Since humans first looked to the stars for an answer to the great cosmic riddle, various celestial bodies have inspired a wide range of interpretations. In the past 100 years or so, the planet Mars has made a particularly strong mark on popular culture and holds a special attraction for many in the era of manned space exploration.
In 2001, filmmaker Gerry Williams helped found the San Diego chapter of The Mars Society. Its goal: "to send humans to Mars to explore, colonize and create a second home for human civilization."
Williams was in kindergarten when the first men were sent into space in 1961. "Our class made space helmets out of 5-gallon ice cream drums with pipe cleaners on top for antenna-I didn't take mine off for about two weeks," he recalled. "I grew up with the Gemini and Apollo programs. I have a degree in physics with a minor in astronomy that I don't use."
Fellow space enthusiast Dave Rankin, described reading the 1997 book, The Case for Mars: The Plan to Settle the Red Planet and Why We Must, co-authored by Mars Society founder Dr. Robert Zubrin.
"It detailed an explanation of how to go to Mars in a way that was doable using the current technologies," Rankin said, adding that participation in the Mars Society allows him, a lawyer and non-scientist, the opportunity to help create the space-faring civilization he's always envisioned.
At 2:51 a.m. (PDT), Aug. 27, 2003, Mars was the closest it's been to Earth (within 34,646,418 miles) in 60,000 years-as close as it gets until the year 2287. On Aug. 28 at 11:00 a.m., Mars will be at "opposition," meaning it will form a straight line with the Sun and Earth, with Earth in the middle and Mars fully illuminated.
For many people, 34 million miles might as well be 34 billion in terms of a voyage to Mars, which would reportedly take about two years round-trip. But according to Williams, if it could happen tomorrow, he would take a one-way ticket there, despite knowing he probably wouldn't come back.
Why Mars? Williams explained that, unlike our much closer and already-visited Moon, Mars has natural resources that can be mined and used, a 24-hour-and-37-minute day and enough gravity to keep the people healthy when they get there.
"We're going to go there and live off the land," Williams said, adding that if Lewis and Clark had been forced to take along all the equipment and food necessary to explore the Northwest Territories, they'd never have gotten west of the Mississippi.
The real problem is that the cost of space exploration is, well, astronomical. Rankin estimated it would cost $20 billion to $25 billion over a 10-year period to fully develop the technology to send a mission to Mars; each subsequent mission would cost $2.5 billion.
The Mars Society, founded in 1998, currently has roughly 6,500 members worldwide. It receives partial funding for projects from corporate sponsors, like Internet entrepreneur Elon Musk, who ranked 23rd on Fortune magazine's September 2002 40-wealthiest-under-40 list.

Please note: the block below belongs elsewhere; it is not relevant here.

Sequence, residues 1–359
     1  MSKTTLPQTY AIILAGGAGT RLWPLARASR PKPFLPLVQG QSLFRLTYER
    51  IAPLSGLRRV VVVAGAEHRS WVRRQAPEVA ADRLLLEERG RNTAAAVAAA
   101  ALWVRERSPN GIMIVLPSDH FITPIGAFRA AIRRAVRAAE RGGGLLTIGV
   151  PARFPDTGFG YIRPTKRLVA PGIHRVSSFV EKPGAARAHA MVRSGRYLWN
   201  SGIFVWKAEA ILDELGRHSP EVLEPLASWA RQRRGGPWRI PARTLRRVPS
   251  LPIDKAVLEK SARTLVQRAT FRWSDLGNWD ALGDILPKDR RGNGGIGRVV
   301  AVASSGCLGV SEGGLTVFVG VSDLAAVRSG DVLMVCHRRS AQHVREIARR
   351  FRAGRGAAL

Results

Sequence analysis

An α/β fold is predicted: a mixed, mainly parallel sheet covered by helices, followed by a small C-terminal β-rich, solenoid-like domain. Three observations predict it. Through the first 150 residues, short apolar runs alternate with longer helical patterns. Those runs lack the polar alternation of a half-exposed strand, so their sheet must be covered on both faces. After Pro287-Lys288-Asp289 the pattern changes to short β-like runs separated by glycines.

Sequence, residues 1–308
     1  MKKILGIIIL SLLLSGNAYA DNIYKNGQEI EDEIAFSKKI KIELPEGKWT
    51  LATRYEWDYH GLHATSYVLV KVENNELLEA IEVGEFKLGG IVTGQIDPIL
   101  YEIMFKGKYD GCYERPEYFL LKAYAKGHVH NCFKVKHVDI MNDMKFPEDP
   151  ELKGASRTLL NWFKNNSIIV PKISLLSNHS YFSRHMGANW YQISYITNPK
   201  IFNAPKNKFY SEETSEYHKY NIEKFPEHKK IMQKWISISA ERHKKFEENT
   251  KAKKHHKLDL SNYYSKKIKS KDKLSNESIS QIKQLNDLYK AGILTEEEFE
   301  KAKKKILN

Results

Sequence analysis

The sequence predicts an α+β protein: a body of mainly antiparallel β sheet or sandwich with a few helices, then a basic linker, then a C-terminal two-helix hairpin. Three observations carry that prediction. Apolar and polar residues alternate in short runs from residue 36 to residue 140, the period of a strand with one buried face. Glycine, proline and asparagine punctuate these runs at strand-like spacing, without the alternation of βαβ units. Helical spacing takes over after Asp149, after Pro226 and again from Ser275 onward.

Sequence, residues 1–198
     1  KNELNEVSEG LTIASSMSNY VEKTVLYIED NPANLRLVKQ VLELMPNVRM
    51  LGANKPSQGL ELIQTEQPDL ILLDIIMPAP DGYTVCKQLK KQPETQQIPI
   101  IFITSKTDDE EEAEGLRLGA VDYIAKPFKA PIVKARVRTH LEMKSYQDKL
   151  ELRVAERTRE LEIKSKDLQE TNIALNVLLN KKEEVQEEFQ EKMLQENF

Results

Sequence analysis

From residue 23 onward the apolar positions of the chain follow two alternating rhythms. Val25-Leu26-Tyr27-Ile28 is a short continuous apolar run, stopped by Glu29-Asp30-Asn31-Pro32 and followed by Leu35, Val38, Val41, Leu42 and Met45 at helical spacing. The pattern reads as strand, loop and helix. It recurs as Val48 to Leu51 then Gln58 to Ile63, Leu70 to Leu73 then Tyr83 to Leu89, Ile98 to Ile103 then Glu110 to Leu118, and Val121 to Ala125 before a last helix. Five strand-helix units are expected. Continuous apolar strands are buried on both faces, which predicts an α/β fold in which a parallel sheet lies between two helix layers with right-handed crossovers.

The society has built three "Mars habitats," which six-member crews use to test operations necessary for a Mars mission. The two-story, 28-foot-diameter structures are based roughly on the Mars manned lander.
The first habitat, established in 2000 on Devon Island in the Canadian Arctic, is accessible only four to six weeks each year. The second, the MARS Desert Research Station (MDRS) in Utah, became active in 2002. A third habitat will be deployed to the volcanic/geothermal fields of Iceland. Plans are also in the works to build a fourth, the Australian Outback habitat.
MDRS is open from October through May. Every two weeks, a new crew is sent to the habitat, where they must be in full Martian simulation (in other words, pretend they're on Mars). They wear space suits, perform geology and biology experiments and, essentially, figure out "how six people can live in a tuna can," Williams said.
The isolated habitats have their own power generation, and crews communicate with the outside via satellite uplink to the Internet. Once a year, the San Diego chapter operates "Mission Support" for MDRS.
"If there's a problem, they call, "San Diego, we have a problem,' and we have to deal with it here," Williams said. "They uplink their reports to us every night, and we interact with them and then distribute the reports."
Three San Diego chapter members have gone to MDRS in the past two years. Williams went for a couple of days to shoot video for documentary purposes. The two others were both biologists.
While Rankin believes the day when an average person will be able to travel to Mars might be 100 years away, he said a mission could happen in 10 years if a concerted effort were made to fund such a program.
But this week, Mars Society-San Diego members will have to settle for heading out to Anza-Borrego to view Mars' close pass and opposition-the closest any of them have gotten to the Red Planet. So far.